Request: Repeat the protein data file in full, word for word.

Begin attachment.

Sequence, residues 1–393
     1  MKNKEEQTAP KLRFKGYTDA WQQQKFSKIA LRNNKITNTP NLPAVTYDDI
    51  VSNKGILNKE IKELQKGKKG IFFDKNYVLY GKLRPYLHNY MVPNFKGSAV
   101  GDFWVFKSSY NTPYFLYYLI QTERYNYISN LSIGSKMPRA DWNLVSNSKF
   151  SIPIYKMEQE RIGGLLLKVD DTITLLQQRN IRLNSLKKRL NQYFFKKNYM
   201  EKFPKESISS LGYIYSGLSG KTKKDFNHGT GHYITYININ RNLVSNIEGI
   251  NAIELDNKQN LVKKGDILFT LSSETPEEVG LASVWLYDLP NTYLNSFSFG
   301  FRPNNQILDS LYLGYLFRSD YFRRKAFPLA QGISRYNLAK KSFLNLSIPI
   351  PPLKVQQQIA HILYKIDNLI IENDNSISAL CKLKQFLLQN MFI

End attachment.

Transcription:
Sequence, residues 1–393
     1  MKNKEEQTAP KLRFKGYTDA WQQQKFSKIA LRNNKITNTP NLPAVTYDDI
    51  VSNKGILNKE IKELQKGKKG IFFDKNYVLY GKLRPYLHNY MVPNFKGSAV
   101  GDFWVFKSSY NTPYFLYYLI QTERYNYISN LSIGSKMPRA DWNLVSNSKF
   151  SIPIYKMEQE RIGGLLLKVD DTITLLQQRN IRLNSLKKRL NQYFFKKNYM
   201  EKFPKESISS LGYIYSGLSG KTKKDFNHGT GHYITYININ RNLVSNIEGI
   251  NAIELDNKQN LVKKGDILFT LSSETPEEVG LASVWLYDLP NTYLNSFSFG
   301  FRPNNQILDS LYLGYLFRSD YFRRKAFPLA QGISRYNLAK KSFLNLSIPI
   351  PPLKVQQQIA HILYKIDNLI IENDNSISAL CKLKQFLLQN MFI